‘To all kinde of estates I meane for to trudge’: Making Room for the Commoners in <i>Cambises</i>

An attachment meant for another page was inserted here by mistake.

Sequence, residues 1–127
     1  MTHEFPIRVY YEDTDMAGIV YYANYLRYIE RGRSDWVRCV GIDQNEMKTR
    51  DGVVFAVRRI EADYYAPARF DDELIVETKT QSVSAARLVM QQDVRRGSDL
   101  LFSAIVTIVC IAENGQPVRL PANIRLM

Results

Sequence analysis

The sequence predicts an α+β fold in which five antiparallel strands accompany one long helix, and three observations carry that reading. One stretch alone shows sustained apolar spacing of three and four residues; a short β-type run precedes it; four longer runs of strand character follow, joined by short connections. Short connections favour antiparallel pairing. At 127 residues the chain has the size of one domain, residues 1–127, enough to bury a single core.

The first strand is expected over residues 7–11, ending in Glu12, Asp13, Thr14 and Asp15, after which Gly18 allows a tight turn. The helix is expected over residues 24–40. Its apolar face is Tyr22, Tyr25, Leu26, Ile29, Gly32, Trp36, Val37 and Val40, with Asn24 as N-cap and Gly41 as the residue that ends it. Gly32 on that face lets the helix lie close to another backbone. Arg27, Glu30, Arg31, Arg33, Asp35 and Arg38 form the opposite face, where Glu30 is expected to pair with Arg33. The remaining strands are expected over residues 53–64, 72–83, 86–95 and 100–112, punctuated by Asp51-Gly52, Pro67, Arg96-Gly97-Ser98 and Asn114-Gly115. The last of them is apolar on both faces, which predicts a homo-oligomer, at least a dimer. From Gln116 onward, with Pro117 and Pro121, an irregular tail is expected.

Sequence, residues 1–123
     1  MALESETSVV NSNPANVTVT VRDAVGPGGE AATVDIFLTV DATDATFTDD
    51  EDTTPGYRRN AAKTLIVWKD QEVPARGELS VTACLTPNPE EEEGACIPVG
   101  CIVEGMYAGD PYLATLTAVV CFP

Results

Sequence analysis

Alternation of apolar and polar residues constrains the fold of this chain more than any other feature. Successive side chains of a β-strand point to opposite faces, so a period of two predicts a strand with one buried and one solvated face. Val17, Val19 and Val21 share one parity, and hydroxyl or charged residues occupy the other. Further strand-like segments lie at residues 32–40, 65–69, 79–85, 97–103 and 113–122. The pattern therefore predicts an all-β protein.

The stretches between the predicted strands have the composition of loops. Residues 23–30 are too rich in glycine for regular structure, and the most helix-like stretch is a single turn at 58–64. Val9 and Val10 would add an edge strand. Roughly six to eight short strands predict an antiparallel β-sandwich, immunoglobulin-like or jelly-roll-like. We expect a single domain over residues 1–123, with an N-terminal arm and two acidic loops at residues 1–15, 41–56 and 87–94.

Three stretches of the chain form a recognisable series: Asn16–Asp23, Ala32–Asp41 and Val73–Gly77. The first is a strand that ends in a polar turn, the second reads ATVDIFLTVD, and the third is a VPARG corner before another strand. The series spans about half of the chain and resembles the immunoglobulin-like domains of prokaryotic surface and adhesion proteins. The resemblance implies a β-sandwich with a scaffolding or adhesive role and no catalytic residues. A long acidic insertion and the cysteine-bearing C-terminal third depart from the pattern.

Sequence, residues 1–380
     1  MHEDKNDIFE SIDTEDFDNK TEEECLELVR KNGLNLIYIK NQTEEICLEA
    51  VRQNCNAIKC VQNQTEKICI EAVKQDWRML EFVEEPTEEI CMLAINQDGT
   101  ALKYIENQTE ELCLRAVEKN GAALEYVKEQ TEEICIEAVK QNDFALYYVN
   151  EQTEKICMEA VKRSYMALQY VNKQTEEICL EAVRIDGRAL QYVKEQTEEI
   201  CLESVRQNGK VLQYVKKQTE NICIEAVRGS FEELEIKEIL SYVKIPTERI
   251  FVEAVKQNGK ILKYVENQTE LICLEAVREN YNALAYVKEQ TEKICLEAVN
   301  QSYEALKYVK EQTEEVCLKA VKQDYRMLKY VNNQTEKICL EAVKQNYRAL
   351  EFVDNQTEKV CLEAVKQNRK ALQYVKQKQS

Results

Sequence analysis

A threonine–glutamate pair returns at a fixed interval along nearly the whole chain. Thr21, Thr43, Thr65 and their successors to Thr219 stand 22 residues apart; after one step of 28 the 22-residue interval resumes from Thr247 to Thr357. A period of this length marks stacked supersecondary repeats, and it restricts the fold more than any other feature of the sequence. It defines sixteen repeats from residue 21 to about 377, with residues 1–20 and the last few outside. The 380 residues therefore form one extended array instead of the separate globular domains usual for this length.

AbstractThomas Preston’s Cambises combines the tale of a sixth-century Persian tyrant from Herodotus’s History with a series of low-born characters and comic interludes that derive from morality plays and mystery cycles. Despite the presence of elite and popular elements in the text, studies have focused chiefly on the nature of aristocratic resistance to the monarch. When considered in this context, Cambises's accidental death at the play’s conclusion implies that an anointed ruler could only be removed through divine intervention; his subjects could reprimand him for his cruelty, but they could not depose him. I argue in this essay that the play’s commoners challenge the prevailing discourse of passive resistance by undermining Cambises's military campaign in Egypt, calling on him to execute his corrupt deputy, and contemplating his death when he fails to meet their expectations. In doing so, they demonstrate that political protest is not limited to the nobility, but available for appropriation by ‘all estates’.
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